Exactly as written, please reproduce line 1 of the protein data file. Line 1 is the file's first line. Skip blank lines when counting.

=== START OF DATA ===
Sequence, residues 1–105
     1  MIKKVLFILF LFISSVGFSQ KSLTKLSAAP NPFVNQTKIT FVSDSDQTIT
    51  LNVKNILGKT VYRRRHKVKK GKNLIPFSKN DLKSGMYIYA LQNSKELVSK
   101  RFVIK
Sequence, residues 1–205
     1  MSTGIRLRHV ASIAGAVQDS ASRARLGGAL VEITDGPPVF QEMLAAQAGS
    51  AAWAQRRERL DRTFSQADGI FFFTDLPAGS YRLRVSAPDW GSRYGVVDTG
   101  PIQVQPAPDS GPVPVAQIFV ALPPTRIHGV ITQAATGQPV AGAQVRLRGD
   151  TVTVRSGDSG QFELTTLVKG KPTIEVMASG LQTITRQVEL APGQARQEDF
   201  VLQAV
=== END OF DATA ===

Sequence, residues 1–105